By Yvonne Montesantos
Ambassador Vassilakis; how do you view Greece’s important role in the United Nations?
Greece is a founding member of the United Nations. During the past 60 years, Greece has actively participated in the work of the United Nations guided by the principles of its foreign policy: commitment to peace, respect for international law, democracy and human rights, the eradication of hunger and poverty, and strengthening international cooperation among the peoples of the world. In October 2004, the international community entrusted Greece with another highly demanding task: a two-year membership of the Security Council, as a non-permanent member. The fact that Greece was elected with the highest number of votes ever received by a country of the Western European Group, demonstrates that it has an important role to play as a bridge-builder and that can approach issues with deep understanding and evenhanded neutrality.
Our contribution will be judged by others, most importantly by the countries that voted for Greece to become a member of the Security Council. Yet, we are proud to be able to say that we spared no effort in trying to contribute to the resolution of complicated longstanding conflicts around the world. Greece chaired two important Sanctionsʼ Committees on Cote dʼ Ivoire and Sudan. As Vice-Chair of the Counter-Terrorism Committee, Greece helped formulate the response of the international community to what probably constitutes the greatest threat to freedom and democracy in the 21st century. Greece also chaired the Working Group on Sanctions and in this respect we tried to formulate general unified guidelines which will apply in all Security Council sanctionsʼ committees. It was responsible for coordinating the work of the Council on the issue of the border dispute between Ethiopia and Eritrea. It played an active role on the issue of the Middle East, which culminated in a Ministerial Meeting that took place in September 2006, during the Greek Presidency of the Security Council and under the chairmanship of the Greek Foreign Minister, Dora Bakoyannis.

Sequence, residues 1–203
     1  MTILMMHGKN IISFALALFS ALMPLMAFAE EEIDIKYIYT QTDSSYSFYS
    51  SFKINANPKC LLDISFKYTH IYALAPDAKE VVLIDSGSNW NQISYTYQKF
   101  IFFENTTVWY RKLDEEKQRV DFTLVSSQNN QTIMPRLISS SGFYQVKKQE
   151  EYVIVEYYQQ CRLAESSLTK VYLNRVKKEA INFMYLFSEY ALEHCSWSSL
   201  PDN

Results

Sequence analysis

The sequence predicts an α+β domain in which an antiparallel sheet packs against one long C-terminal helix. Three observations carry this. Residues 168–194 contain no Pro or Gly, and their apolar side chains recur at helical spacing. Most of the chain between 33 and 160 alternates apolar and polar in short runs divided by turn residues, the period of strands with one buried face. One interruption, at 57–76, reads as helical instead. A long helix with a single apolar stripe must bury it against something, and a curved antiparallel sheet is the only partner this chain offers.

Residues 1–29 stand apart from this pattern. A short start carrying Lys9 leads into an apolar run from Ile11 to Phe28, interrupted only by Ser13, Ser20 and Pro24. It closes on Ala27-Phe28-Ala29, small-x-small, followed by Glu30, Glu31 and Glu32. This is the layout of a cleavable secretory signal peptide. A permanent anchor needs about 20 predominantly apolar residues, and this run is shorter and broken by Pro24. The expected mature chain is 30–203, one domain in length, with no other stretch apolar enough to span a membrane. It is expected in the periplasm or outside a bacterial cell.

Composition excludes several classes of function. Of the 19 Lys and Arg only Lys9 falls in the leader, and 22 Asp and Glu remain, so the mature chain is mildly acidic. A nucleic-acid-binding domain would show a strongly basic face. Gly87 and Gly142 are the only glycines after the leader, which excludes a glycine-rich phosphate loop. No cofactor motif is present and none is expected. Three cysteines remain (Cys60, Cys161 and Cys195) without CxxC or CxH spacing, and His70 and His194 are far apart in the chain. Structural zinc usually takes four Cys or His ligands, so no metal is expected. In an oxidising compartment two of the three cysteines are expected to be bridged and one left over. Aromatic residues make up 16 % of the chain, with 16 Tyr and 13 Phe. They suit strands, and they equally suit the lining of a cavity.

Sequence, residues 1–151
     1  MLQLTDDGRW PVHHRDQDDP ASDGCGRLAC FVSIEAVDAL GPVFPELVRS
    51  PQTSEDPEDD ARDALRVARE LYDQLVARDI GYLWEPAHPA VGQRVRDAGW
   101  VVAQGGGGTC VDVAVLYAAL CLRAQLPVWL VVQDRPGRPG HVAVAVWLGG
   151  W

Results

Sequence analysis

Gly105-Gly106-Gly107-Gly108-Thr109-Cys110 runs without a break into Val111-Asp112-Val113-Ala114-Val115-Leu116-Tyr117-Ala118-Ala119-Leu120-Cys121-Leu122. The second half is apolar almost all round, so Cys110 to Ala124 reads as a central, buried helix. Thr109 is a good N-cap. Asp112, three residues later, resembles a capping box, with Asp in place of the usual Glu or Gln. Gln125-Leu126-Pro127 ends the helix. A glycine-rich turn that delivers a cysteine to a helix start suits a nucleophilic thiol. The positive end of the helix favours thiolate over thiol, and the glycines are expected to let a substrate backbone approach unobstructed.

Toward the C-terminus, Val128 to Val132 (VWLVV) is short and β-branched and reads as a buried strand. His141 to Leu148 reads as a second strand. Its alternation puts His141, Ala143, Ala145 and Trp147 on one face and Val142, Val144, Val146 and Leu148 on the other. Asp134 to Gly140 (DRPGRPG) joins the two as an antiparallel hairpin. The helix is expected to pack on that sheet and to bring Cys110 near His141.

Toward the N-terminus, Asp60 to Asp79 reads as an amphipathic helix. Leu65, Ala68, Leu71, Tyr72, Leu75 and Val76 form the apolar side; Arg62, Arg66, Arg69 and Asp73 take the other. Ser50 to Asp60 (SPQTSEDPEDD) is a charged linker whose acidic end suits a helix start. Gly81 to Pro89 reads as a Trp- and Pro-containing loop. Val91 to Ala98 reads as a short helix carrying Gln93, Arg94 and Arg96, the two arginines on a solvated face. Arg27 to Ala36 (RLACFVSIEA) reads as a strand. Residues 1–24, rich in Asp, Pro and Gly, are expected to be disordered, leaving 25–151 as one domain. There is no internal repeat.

The goal of Greece as a non-permanent member of the Security Council has been to retain permanently open channels of communication with all parties involved in disputes and crises, to allow differences to be bridged and mutually acceptable solutions to emerge. At the same time, Greece has continued to increase its engagement in humanitarian and development projects, recognizing that peace is unattainable without clear prospects for a better future. Greece has strived to push forward the United Nations reform agenda, cognizant that the Organization is in dire need for change. The United Nations need new tools, modern mechanisms, strong and efficient management techniques and an impeccable ethics record. In September, addressing the General Assembly, Foreign Minister Bakoyannis said “We need a powerful and productive UN”. As we come closer to the end of our tenure in the Security Council, we know that a lot remains to be done. We will continue to work tirelessly with other nations in invigorating the United Nations, making the Organization powerful and productive once more, and ready to face the challenges of the future.